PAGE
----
In a perfect world, I would prefer the interactions made possible by an in-person conference. But I think the ABC organization team did a fantastic job at facilitating the virtual event, so that interactions between participants were still possible and encouraged. It went about as smoothly and was as enjoyable as it could have been!

What are your next steps? 

My next steps are to complete my PhD and publish my chapters as journal articles. In the near future I will also begin exploring postdoctoral opportunities, preferably continuing with the same forest elephant/Congo basin rainforest system. At this time, it is critical that we apply what we continue to learn about forest elephants to their conservation in order to prevent their extinction by poaching.


Kyle-Mark Middleton PhD candidate at the University of Cape Town, South Africa

Can you tell us a bit about yourself and your research interests?

I have always had a passion for the outdoors and understanding the world around me. In 2016, I was introduced to the FitzPatrick Institutes long-term research and conservation project on the Southern Ground-Hornbill species and knew that I wanted to be a part of it. I am now managing the project while completing my PhD. My research interests revolve around the cooperation within the species and how individuals within groups contribute and communicate during group behaviours.

What aspect of this research did you present at the ABC conference?

I presented the first step in understanding the role of vocal communication in territorial defence of the species. This involved identifying signatures in the territorial chorus calls which can allow for recognition of both individuals and groups.

What drew you to bioacoustic research?

Communication plays such an important role in all aspects of life and in almost every species. Animals are communicating all the time around us, yet we know little about the messages that are actually being communicated. The Southern Ground-Hornbill is a species with such an iconic morning call of the African bushveld, yet little is known about it. 

Tell us something interesting about the animals you investigate

They are the largest cooperatively breeding bird in the world, and can live up to 60 years old in the wild.

How did you find the virtual conference experience? 

I did not know what to expect from the virtual conference but it exceeded all of my expectations. While there is still less interaction between researchers when compared to an in-person one, there was still a lot more than I expected and everything runs very smoothly and on time.

What are your next steps? 

The next steps for me are to continue gathering more data over the coming year to strengthen my study and to complete my thesis. From there, I would like to continue researching the Southern Ground-Hornbill for a while and answer some of the newer questions which have built up in my mind. I hope to contribute towards both the bioacoustics field and the conservation of the species.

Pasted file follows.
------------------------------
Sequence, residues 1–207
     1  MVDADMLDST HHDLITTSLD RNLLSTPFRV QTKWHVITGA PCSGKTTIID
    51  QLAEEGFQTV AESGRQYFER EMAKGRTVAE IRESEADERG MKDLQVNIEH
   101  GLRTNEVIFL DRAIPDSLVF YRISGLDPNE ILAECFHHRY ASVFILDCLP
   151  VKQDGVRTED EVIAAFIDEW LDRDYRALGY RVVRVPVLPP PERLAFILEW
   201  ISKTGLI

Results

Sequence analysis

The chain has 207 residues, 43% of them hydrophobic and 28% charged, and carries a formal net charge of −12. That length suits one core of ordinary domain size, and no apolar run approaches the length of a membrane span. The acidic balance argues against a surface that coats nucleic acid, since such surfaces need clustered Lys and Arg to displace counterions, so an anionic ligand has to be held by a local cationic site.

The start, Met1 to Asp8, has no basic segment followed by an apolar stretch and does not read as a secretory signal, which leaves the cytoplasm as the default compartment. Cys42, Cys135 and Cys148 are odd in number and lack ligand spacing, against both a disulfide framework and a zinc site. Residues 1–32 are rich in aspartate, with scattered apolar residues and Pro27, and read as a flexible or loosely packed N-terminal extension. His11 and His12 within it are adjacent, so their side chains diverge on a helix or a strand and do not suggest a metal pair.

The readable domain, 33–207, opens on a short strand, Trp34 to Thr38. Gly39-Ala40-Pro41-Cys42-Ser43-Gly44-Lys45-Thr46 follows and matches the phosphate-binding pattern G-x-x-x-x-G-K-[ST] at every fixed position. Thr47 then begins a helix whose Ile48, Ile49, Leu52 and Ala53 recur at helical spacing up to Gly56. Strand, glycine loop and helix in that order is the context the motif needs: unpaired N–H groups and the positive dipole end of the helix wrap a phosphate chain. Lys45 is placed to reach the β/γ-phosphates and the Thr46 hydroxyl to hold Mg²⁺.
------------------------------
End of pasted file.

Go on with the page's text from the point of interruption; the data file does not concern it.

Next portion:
Sasha Dines PhD candidate at Stellenbosch University, South Africa

Can you tell us a bit about yourself and your research interests?

I’m a Marine Biologist, originally from England but I’ve been working in South Africa for the past 4 years, and last year I started my PhD in cetacean bioacoustics researching the Indian Ocean humpback dolphin. I realised that I wanted to work with endangered species and recognised that there was scope to develop new monitoring tools. I think that developing bioacoustic monitoring methods could be really important and cost effective in endangered species protection in developing countries.

What aspect of this research did you present at the ABC conference?

I presented the first bit of preliminary data that I have analysed for my PhD. Our project is part of the SWORD group (Signature Whistle Occurrence Recapture and Density) and I aim to use signature whistles in a mark recapture framework for individual based monitoring of Indian Ocean humpback dolphins. My pilot studies have consisted of providing evidence for signature whistle types in this species and showing that they can be used in a mark recapture framework.

What drew you to bioacoustic research?

I think the range and potential that this type of work can provide has been really appealing. I come from an acoustic telemetry background in sharks and rays and so using naturally occurring acoustic signals is really interesting. This non invasive approach to monitoring individuals could potentially be applied to multiple other coastal delphinid species.

Tell us something interesting about the animals you investigate

The Indian Ocean humpback dolphin is the most endangered marine mammal in South Africa. They’re an exclusively coastal dolphin species that hug coastlines from False Bay in South Africa through to the Bay of Bengal in India. Normally, they hang out in the shallow surf, so approaching them to record via a boat is often a hair raising experience. However, following reports of them in the Breede River, we found individuals 30km+ upriver in a very freshwater environment – this oceanic dolphin was pretending to be a river dolphin!

How did you find the virtual conference experience? 

I thought it was a huge success! I love travelling to conferences, meeting new people and experiencing new cities, however, there were definitely pros from this virtual experience. I was able to watch presentations in my own time, attend more ‘virtual meetings’ and ask more questions after the talks. 

What are your next steps? 

My next plans are for my 2021 field season, deploying a network of hydrophones along the Cape south coast. I will also be working on my first two chapters of my PhD for completion and publication. 

**

We at PeerJ again offer our congratulations to all of our award winners!

See interviews and the listing of 2019 PeerJ Award winners on the PeerJ blog here!

If you are organizing a conference or workshop (either physical or virtual!) and would like to offer a PeerJ Award at your event, do get in touch – communities@peerj.com